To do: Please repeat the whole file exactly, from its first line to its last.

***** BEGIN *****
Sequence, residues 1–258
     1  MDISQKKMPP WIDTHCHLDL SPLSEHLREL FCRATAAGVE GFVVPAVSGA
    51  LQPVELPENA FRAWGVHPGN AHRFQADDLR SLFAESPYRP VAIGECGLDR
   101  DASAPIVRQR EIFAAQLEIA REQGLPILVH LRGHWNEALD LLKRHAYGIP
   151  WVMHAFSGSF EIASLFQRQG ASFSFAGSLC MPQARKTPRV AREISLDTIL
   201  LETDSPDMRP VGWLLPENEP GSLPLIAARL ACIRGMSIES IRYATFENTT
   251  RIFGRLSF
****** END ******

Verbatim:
Sequence, residues 1–258
     1  MDISQKKMPP WIDTHCHLDL SPLSEHLREL FCRATAAGVE GFVVPAVSGA
    51  LQPVELPENA FRAWGVHPGN AHRFQADDLR SLFAESPYRP VAIGECGLDR
   101  DASAPIVRQR EIFAAQLEIA REQGLPILVH LRGHWNEALD LLKRHAYGIP
   151  WVMHAFSGSF EIASLFQRQG ASFSFAGSLC MPQARKTPRV AREISLDTIL
   201  LETDSPDMRP VGWLLPENEP GSLPLIAARL ACIRGMSIES IRYATFENTT
   251  RIFGRLSF